Conrad Black praises 'old friend' Donald Trump
Republican presidential candidate Donald Trump speaks at a rally Monday, Dec. 14, 2015, in Las Vegas. (AP / John Locher)
Alexander Panetta, The Canadian Press
Published Tuesday, December 15, 2015 8:48PM EST
Last Updated Tuesday, December 15, 2015 11:55PM EST
WASHINGTON - Donald Trump hasn't received too many ringing endorsements from famous conservative elites - but he's just received praise from one Canadians know well.
Conrad Black has penned a piece titled, "Trump Is The Good Guy," for the conservative National Review. It apparently delighted his old pal, who's currently leading national polls for the Republican nomination.
"What an honor to read your piece," Trump tweeted to the Canadian-born former media baron. "As one of the truly great intellects & my friend, I won't forget!!"
The Lord Black of Crossharbour, his official title as a British peer, retorted: "Many thanks, Donald and all good wishes in helping to clean up the American government. Honored to be your friend."
The Republican establishment is reportedly so mortified by the prospect Trump might win its party nomination it's angling for the first brokered convention in decades.
Polls suggest the billionaire reality-TV star is less popular with wealthy people, and far less popular with those holding a college degree than with the working class.
But his affluent admirer deployed his considerable linguistic arsenal in defence of Trump, in a piece that featured Latin and French words and such verbal amuse-bouches as "clangorous," "apercus," "reminiscences," and "mendacious."
The basic premise of Black's piece was that Trump is being unfairly smeared by the political establishment and media, whom Black accuses of dishonestly distorting his policies.
He describes Trump as a threat to the corrupt American political system where members of Congress represent corporate lobbyists, and media unfairly tar candidates.
Black went on to list a number of Trump policies he described as reasonable. The list includes restrictions on third-party political contributions to so-called Super PACs; booting out 350,000 illegal immigrants convicted of crimes; and universal health care for all Americans.
But the list is subjective.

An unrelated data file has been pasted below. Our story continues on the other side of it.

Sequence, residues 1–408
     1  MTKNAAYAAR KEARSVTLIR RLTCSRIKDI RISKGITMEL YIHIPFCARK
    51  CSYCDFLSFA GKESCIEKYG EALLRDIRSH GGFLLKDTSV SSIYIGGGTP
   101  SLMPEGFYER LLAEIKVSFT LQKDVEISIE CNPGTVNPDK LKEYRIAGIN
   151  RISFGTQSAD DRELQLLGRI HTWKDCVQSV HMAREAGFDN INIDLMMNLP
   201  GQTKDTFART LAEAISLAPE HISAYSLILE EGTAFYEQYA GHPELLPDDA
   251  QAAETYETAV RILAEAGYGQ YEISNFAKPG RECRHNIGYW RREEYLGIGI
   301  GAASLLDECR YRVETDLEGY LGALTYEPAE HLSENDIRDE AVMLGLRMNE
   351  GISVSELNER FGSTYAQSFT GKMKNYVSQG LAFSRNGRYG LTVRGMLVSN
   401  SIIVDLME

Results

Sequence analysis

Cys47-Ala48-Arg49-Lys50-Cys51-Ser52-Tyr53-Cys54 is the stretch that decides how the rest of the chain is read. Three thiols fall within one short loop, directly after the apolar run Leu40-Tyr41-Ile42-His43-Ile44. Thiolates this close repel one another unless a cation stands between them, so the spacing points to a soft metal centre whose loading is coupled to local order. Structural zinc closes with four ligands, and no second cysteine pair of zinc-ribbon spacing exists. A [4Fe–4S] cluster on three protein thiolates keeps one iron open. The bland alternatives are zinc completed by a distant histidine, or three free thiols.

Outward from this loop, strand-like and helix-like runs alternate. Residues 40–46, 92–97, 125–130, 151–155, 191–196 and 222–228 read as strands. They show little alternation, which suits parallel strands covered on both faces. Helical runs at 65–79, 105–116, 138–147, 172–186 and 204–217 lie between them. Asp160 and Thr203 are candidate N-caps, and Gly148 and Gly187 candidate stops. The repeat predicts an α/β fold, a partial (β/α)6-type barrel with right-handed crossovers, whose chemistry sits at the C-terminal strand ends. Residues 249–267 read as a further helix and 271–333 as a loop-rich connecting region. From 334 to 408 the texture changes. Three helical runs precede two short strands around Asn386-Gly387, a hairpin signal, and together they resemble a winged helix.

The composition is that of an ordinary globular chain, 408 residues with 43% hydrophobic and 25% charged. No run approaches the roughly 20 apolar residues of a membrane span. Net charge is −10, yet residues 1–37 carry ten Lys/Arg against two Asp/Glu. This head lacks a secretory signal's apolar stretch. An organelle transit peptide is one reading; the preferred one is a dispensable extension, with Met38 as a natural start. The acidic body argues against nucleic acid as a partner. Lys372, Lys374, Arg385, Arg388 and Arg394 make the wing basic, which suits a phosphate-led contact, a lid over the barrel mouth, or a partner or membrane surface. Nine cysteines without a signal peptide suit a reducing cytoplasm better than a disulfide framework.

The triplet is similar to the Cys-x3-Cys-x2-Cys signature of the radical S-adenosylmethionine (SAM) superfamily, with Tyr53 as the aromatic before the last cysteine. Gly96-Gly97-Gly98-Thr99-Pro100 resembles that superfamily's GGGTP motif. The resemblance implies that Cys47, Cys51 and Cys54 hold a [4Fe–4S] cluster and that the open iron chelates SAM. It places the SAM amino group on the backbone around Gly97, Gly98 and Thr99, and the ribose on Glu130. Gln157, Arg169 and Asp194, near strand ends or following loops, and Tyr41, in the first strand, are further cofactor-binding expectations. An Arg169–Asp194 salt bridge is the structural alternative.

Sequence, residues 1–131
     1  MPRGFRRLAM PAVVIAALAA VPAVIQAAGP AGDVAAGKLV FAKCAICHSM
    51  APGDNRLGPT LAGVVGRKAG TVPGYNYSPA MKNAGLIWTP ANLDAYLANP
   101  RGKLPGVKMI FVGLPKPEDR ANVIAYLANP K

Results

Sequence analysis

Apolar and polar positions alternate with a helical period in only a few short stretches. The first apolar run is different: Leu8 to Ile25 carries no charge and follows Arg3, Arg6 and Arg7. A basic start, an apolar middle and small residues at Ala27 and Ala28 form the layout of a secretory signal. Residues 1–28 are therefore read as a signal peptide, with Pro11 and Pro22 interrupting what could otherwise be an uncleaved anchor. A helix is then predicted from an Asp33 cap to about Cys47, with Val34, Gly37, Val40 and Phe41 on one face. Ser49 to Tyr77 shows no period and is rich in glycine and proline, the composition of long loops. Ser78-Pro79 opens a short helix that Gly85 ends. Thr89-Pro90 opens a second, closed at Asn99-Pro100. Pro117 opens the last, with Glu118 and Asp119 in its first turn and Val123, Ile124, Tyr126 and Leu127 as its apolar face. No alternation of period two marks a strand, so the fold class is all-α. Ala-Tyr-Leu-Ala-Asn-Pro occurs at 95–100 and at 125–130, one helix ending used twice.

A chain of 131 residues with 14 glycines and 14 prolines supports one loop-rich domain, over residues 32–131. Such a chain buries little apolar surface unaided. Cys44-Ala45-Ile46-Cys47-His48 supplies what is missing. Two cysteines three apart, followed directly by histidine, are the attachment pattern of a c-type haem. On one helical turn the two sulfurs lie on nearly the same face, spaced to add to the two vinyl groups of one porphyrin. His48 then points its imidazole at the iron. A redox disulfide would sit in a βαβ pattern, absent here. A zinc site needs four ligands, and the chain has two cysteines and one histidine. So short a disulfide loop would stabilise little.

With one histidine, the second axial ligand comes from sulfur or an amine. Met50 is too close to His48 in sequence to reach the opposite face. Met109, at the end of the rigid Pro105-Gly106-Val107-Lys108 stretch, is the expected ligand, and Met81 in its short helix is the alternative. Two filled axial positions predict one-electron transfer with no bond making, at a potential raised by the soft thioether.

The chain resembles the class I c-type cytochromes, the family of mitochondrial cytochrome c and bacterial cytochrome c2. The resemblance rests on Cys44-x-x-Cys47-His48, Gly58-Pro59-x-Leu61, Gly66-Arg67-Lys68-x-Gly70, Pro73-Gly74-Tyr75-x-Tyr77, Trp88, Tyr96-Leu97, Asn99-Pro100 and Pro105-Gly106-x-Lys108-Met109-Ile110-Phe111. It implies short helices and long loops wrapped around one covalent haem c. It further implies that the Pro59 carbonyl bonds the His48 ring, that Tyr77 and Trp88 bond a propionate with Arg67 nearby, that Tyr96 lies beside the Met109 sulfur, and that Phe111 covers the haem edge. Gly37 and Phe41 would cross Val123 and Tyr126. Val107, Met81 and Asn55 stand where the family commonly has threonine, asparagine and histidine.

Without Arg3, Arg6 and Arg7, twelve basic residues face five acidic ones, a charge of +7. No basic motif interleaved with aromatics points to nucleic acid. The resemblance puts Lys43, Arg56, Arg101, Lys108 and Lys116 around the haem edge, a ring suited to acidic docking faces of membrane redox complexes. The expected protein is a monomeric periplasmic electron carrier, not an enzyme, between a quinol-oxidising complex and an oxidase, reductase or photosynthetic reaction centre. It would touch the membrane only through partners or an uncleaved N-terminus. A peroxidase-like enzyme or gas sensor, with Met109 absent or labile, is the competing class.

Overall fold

Trump has gone back-and-forth on health care. He once clearly endorsed a single-payer system, he now says the country can't afford it, he promises to undo Obamacare, but says he'll find other ways to ensure coverage for everyone. He has proposed busting down the barriers that limit insurance competition across state lines.
On illegal immigration, Trump's plan is far more extensive than expelling 350,000 people, as Black points out. The numerous other immigration provisions in his platform include ending birthright citizenship, and tripling federal deportation personnel to remove an unspecified share of the 11 million people without legal papers.
Black is more critical of his policies on foreign affairs and justice.
Trump favours a more hands-off approach abroad, and a tough-on-crime approach at home - Black calls the former "a bit flippant." As a former inmate who's deeply critical of the U.S. justice system, he also suggests his friend fails to appreciate its "rot."
He says the proposed ban on Muslim travellers was poorly phrased, and hysterically misrepresented. Black expects the candidate will eventually clear up the misunderstanding.
But on the whole, he gives high marks to his fellow Florida-dwelling friend.
"(He) is striking very close to the heart of the American problem: the corrupt, dysfunctional political system and the dishonest media," Black wrote.
"To adapt George Wallace's old phrase, he has shaken the American political system 'by the eyeteeth,' and it will be better for it."
Wallace was the Alabama governor who launched a third-party presidential run in 1968 in an effort to maintain racial segregation. His split from the Democratic party heralded a historic political shift, as the party lost its century-old hold on the south.
Speaking of third-party runs, Black predicts his friend won't make such a move.
Trump sounded determined late Tuesday to prove him right. After being wishy-washy on the issue recently, Trump appeared to rule out a split with the Republican party.
He did so during a Republican candidates' debate - and was especially explicit in a post-debate interview.
"I'm a Republican. I'm going to be a Republican," Trump told CNN.
"I'm not going to be doing a third party... No matter what."